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June 11, 2015

Ruben Amaro, Jr. and the benefit of the doubt

On Thursday afternoon, Ruben Amaro, Jr. felt compelled to do some damage control. He told the bow tied one, Fox Sports’ Ken Rosenthal, the following:

“Typically we would not comment on rumors. But when they reach this level of ridiculousness, I can say unequivocally that what has been written is false.”

Something obviously hit a nerve with the Phillies general manager, and in this case, it was a couple of reports. The first one was literally the last line of a post by CSN Philly’s Jim Salisbury about the Toronto Blue Jays’ interest in Jonathan Papelbon:

"Seattle, even after acquiring Mark Trumbo, is still monitoring the market for hitters and spent the series checking in on Ben Revere."

That specific report on its own definitely isn’t a huge deal or anything worth commenting on. Next, Bob Dutton of The News Tribune in Tacoma, Washington piggybacked on Salisbury’s report by adding some detail about what the actual discussions between the two teams were like:

The Mariners inquired into the availability of Philadelphia outfielder Ben Revere, as first reported by, but talks quickly stalled when the Phillies asked for either Taijuan Walker or James Paxton in return.

It’s worth noting that Dutton later added Amaro’s response to his original post while mentioning the Walker/Paxton demand “was one version” of the story. The damage had already been done, though. The Internet had gotten a hold of that report and sure wasn’t throwing it back. Good times and "LOLRUBEN" were had by all.

Of course, the idea of asking for either of those guys in exchange for Ben Revere isn’t realistic. In Revere, the Phillies have a 27-year-old speedy leadoff guy with only a .312 OBP, someone with maybe the least power of any player in the majors, and a guy that hasn’t been an above average defender during his tenure in Philly. His speed and ability to make contact could absolutely interest a contender, but not for the price of either:

1. A 22-year-old former Top-10 prospect (Walker), even if his start to the season in the Mariners’ rotation hasn’t gone well.
2. A 26-year-old starter that isn’t viewed to have as high of a ceiling (Paxton), but who has been perfectly fine in 10 starts for Seattle so far this year.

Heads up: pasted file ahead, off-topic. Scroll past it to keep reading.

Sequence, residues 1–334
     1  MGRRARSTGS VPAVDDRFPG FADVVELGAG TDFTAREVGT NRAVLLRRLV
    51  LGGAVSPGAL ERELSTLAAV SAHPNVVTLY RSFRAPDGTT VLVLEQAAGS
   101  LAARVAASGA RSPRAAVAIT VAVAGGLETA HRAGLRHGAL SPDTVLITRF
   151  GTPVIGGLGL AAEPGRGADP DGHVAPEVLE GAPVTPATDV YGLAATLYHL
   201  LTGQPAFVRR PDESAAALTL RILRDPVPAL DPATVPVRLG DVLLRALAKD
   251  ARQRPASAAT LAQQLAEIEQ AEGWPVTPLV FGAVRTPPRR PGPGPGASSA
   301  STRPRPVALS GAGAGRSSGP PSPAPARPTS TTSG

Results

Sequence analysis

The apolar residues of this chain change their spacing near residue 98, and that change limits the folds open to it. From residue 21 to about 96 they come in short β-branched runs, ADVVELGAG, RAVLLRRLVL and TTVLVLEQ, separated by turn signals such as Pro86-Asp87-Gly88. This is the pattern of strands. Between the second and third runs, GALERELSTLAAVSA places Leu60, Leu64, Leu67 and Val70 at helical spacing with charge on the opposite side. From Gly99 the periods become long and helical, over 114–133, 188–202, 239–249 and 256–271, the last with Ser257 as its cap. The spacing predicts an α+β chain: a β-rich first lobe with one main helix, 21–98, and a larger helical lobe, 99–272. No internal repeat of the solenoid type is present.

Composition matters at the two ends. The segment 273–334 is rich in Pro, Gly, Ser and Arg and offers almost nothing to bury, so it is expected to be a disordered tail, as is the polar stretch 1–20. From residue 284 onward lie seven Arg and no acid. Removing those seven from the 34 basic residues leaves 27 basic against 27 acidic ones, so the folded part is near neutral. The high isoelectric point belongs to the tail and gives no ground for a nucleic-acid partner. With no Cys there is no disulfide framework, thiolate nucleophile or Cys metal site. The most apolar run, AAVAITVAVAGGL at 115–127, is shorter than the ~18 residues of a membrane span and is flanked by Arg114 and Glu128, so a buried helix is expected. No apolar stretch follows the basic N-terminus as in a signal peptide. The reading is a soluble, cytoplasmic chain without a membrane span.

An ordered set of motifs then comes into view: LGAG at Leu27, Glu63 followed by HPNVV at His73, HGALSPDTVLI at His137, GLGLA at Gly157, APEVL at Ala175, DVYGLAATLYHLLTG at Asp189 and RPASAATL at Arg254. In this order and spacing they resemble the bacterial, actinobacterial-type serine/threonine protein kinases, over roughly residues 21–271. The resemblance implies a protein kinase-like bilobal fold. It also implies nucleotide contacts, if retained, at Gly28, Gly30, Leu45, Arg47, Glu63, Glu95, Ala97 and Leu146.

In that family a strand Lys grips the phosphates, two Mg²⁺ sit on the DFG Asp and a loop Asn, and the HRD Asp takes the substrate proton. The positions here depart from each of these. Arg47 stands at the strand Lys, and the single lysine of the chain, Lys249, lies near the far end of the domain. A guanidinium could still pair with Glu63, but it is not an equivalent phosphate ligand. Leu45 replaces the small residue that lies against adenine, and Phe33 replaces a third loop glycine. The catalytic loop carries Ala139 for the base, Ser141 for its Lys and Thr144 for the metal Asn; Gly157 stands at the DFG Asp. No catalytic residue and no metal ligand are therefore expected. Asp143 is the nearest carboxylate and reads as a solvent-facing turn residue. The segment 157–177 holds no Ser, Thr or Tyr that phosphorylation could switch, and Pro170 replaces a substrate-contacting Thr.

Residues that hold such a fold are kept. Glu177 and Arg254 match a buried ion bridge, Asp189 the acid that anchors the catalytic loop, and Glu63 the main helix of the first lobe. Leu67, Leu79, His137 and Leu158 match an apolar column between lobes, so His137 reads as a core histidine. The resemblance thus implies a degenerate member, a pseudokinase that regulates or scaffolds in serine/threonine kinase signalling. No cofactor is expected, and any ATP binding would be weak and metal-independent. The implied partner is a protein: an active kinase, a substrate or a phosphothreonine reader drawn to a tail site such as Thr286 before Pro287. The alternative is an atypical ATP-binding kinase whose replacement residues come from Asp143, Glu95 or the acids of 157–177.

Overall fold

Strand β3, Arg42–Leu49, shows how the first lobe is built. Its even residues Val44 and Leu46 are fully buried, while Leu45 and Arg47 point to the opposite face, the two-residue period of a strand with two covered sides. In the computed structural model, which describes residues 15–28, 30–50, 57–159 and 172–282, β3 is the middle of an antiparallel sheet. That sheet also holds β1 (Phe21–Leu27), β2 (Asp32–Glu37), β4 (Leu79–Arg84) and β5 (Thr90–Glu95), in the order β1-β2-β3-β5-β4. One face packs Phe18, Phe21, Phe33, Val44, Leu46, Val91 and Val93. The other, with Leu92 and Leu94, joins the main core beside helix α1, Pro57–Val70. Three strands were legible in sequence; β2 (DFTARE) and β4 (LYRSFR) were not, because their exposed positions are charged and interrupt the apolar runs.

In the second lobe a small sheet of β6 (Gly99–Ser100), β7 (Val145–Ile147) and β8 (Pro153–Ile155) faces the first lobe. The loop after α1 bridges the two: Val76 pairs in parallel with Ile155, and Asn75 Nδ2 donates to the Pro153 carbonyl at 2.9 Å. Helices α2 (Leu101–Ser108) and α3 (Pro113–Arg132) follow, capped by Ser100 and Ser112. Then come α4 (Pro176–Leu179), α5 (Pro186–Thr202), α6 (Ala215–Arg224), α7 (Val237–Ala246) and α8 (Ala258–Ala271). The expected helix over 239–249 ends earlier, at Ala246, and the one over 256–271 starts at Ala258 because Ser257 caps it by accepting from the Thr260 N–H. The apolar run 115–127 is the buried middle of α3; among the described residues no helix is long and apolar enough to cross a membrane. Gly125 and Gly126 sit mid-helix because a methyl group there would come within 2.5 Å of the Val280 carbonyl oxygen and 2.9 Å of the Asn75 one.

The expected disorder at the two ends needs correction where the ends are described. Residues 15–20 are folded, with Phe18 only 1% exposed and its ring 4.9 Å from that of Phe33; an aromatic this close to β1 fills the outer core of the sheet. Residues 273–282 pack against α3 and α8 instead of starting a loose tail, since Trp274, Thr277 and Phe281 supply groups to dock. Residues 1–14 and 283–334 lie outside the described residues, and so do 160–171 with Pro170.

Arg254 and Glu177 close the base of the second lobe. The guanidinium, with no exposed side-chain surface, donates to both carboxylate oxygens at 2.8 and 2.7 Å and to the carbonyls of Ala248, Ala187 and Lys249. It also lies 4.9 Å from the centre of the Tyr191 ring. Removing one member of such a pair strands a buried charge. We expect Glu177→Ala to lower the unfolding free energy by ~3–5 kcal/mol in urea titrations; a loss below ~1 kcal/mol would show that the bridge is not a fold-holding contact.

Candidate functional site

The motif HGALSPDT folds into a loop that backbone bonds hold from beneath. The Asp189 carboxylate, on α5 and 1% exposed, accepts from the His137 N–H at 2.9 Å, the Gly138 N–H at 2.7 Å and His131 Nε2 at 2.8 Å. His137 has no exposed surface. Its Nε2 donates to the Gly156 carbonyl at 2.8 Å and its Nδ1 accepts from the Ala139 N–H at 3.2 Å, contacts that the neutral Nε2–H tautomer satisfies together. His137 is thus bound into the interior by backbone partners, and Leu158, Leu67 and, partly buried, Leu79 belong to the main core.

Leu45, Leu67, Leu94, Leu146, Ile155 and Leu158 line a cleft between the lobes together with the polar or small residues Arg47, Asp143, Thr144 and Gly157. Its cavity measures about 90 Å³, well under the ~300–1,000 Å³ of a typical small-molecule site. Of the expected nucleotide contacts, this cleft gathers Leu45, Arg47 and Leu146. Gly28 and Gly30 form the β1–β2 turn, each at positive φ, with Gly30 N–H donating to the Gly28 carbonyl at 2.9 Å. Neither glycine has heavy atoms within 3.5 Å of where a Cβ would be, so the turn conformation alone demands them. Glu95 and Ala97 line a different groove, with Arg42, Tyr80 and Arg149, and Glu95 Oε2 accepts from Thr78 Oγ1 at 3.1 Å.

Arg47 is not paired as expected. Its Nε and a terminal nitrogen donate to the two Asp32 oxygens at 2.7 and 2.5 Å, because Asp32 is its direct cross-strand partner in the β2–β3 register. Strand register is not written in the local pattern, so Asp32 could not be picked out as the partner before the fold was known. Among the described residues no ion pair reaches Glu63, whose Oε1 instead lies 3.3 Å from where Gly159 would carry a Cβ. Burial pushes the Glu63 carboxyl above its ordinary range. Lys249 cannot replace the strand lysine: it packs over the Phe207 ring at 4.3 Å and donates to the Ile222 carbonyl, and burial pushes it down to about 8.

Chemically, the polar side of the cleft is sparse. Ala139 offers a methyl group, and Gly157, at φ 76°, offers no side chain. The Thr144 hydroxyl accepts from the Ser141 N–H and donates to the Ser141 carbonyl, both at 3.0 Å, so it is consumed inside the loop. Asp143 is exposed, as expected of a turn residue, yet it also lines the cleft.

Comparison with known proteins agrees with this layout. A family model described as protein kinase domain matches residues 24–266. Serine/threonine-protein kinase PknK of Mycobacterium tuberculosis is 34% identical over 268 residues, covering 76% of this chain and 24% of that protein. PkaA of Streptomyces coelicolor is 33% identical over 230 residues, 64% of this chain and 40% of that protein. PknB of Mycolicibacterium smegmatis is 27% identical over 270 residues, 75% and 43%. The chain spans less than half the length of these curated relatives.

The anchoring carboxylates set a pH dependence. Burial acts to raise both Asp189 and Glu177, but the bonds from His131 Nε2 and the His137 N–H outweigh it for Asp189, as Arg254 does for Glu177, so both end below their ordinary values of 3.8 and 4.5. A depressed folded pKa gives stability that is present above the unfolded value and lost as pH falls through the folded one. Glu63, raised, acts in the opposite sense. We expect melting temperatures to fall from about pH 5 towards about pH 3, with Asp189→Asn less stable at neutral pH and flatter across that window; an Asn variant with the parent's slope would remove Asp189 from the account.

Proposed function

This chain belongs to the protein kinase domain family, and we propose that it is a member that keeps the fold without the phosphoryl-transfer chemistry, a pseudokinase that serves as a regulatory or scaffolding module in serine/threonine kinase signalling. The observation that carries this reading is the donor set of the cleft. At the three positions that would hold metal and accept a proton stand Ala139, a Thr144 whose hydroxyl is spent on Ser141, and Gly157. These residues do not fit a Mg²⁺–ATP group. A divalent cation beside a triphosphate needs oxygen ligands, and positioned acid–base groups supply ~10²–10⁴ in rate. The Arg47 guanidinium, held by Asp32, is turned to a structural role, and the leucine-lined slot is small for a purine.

There will always be misinformation (not saying this qualifies), but what’s interesting here is that Amaro went out of his way to deny the rumors. Around the league, it seems like a narrative has built up and circulated through the media that the Phillies GM is asking for way too much in return for his players as he tries to rebuild the organization from the current woeful state he is very much responsible for.

Amaro is portrayed as the Mr. Wonderful of Major League Baseball, all the way down to wanting some garbage royalty on every strikeout Cole Hamels throws for another team.

Mr Wonderful

A word of caution: Don't automatically let past missteps cloud your judgment and assume the worst. It’s easy to get caught up in what has already happened and assume the worst in every future situation, but things are rarely that simple. People evolve all of the time. They can learn from past mistakes.

The Phillies are in their bad situation partly because the front office held on to an aging core too long (and mostly because of poor drafting), but there are no quick fixes at this point of the game. They are going to remain a very bad baseball team in the near future regardless of whatever moves Amaro makes. This is the "taking your medicine" part, which is necessary but never fun.

Along the same lines, remember that Amaro made what were generally considered reasonable deals for Jimmy Rollins and Marlon Byrd this past offseason before the rush to judgment on his reported current demands. This tweet from Crashburn Alley’s Corinne Landrey came across my Twitter timeline the other day, and it's pretty funny. That's mostly because I think there’s some truth to it:

Ruben Amaro, Jr. hasn’t done a very good job, and because of that, he’s not going to receive the benefit of the doubt moving forward. Even as he tries to combat that perception, it doesn't seem to be going anywhere.

Follow Rich on Twitter: @rich_hofmann